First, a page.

Social kissing is a potential minefield and is usually dependent on situation, age, background, profession and your relationship. As a general rule, don’t kiss people you don’t know. Don’t kiss colleagues. Do kiss close friends and dates. The key is to make your actions clear to avoid embarrassing confusion.
Usually it’s right cheek first, but prepare to change direction at the last minute. Pull back decisively (but not abruptly) if you are just giving one kiss. Be cautious with those you are less familiar with – two might seem over the top. If confusion occurs over one-kiss-or-two, take charge and go in for a second. Humour is useful in deflecting embarrassment over the meet-in-the-middle mix-up.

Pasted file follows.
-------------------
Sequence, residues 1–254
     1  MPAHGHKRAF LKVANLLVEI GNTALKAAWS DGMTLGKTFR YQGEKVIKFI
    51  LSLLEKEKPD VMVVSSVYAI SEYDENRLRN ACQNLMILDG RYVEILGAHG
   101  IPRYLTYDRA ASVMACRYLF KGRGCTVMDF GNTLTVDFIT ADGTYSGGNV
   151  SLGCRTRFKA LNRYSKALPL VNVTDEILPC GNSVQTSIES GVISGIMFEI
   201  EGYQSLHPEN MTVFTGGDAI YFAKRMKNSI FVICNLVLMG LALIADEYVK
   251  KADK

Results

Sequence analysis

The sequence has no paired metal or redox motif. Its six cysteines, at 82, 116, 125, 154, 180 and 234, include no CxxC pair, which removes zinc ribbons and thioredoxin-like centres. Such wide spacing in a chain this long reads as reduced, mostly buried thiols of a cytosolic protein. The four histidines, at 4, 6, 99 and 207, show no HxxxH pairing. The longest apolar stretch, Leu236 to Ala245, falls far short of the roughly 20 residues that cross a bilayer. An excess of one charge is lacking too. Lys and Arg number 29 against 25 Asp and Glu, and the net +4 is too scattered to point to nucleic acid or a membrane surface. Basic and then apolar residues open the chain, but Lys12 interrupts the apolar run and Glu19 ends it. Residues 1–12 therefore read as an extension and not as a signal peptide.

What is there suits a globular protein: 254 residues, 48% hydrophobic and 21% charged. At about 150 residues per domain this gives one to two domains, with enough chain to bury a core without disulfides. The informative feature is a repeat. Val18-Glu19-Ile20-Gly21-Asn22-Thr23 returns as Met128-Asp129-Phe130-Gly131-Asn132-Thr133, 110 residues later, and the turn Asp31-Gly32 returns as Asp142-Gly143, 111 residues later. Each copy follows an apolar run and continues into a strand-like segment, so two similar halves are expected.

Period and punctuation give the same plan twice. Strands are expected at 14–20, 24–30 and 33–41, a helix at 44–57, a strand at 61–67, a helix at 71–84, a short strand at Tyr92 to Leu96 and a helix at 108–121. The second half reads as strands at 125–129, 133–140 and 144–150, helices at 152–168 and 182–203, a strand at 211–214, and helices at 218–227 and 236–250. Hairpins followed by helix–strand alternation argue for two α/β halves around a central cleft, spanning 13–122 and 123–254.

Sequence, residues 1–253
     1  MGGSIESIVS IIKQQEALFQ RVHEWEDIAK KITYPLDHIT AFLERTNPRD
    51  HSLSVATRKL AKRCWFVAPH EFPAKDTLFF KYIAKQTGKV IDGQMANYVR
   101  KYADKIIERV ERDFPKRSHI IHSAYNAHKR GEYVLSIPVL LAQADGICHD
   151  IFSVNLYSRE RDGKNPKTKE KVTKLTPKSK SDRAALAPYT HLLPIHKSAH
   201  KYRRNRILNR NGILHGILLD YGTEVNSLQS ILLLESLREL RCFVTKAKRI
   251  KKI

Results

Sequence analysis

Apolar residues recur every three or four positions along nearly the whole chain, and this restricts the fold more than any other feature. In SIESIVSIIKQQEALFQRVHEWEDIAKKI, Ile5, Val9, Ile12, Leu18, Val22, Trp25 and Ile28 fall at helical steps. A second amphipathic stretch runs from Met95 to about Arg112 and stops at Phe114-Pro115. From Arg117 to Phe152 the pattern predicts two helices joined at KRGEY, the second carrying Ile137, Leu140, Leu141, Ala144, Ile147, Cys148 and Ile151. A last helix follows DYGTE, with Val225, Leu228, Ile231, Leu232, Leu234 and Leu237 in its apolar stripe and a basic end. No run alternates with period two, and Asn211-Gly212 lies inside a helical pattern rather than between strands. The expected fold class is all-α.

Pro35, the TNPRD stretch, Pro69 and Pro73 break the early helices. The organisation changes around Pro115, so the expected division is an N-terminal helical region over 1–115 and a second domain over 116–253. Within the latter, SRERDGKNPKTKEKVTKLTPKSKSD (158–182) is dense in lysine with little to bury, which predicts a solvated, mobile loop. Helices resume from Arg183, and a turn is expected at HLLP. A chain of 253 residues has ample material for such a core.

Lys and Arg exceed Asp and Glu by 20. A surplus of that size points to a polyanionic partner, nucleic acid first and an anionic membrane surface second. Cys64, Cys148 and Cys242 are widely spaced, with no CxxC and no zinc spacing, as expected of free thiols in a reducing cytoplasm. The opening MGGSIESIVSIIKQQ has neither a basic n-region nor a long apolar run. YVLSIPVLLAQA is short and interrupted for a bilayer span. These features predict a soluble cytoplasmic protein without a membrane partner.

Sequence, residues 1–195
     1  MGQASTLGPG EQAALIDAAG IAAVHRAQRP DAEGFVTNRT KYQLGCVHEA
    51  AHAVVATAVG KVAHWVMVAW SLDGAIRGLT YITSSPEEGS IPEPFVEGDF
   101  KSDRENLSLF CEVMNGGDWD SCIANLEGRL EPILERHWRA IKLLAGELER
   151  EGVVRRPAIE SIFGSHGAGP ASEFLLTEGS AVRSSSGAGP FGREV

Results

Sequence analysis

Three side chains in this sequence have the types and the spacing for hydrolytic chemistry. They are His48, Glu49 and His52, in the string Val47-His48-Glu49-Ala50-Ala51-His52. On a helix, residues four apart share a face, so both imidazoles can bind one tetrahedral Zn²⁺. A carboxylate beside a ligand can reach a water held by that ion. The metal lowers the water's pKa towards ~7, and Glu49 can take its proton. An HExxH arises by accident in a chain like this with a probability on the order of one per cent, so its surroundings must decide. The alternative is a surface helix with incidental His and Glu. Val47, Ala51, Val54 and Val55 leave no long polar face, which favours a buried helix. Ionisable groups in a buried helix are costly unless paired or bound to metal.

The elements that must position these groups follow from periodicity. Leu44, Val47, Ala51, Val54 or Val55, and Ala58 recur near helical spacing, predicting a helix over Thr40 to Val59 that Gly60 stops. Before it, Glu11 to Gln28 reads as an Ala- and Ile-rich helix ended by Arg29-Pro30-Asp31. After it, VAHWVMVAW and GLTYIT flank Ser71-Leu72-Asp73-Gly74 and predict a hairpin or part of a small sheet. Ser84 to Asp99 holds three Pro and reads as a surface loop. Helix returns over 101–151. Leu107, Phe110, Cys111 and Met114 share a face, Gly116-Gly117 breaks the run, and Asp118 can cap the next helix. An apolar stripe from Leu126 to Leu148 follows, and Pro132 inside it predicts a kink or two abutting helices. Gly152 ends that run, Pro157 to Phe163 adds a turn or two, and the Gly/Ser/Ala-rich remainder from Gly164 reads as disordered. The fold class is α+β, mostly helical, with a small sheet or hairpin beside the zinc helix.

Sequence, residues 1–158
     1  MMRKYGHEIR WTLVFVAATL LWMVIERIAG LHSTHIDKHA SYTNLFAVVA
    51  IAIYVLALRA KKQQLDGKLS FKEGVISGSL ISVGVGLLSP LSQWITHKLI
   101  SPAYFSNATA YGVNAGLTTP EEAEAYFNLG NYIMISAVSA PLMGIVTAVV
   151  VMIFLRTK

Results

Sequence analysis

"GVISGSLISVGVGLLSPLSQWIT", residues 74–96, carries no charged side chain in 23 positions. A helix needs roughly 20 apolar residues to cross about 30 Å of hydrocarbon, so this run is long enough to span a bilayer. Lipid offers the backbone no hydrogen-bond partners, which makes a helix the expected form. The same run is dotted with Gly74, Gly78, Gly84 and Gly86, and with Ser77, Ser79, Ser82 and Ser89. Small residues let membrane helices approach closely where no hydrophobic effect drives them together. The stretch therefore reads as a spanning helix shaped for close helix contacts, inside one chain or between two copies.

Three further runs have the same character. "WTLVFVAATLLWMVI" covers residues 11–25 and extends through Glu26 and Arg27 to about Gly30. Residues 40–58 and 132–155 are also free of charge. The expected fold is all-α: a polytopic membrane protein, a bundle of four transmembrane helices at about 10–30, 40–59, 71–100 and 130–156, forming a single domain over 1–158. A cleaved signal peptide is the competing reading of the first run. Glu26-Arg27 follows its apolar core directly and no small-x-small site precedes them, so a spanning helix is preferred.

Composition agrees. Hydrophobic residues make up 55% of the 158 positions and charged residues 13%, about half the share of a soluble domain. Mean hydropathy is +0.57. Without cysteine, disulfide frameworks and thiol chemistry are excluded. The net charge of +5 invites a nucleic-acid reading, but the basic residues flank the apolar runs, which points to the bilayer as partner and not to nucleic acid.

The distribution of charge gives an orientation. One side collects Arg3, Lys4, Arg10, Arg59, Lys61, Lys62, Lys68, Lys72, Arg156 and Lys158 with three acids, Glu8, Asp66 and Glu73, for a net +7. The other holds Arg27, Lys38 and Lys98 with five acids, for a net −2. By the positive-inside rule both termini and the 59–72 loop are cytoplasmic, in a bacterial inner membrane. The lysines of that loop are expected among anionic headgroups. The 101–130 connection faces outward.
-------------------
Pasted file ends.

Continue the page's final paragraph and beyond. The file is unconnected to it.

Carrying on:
Just holding cheek against cheek feels insincere, but there is a fine line between an acceptable peck and an overly affectionate smacker. Cheek skin must make brief, light contact; sound effects, air kissing and saliva traces are to be avoided at all cost. If you’d prefer to shake hands, be sure to hold yours out before any kissing manoeuvres begin but, if you’re part of a group introduction, don’t be the only non-kisser at the party.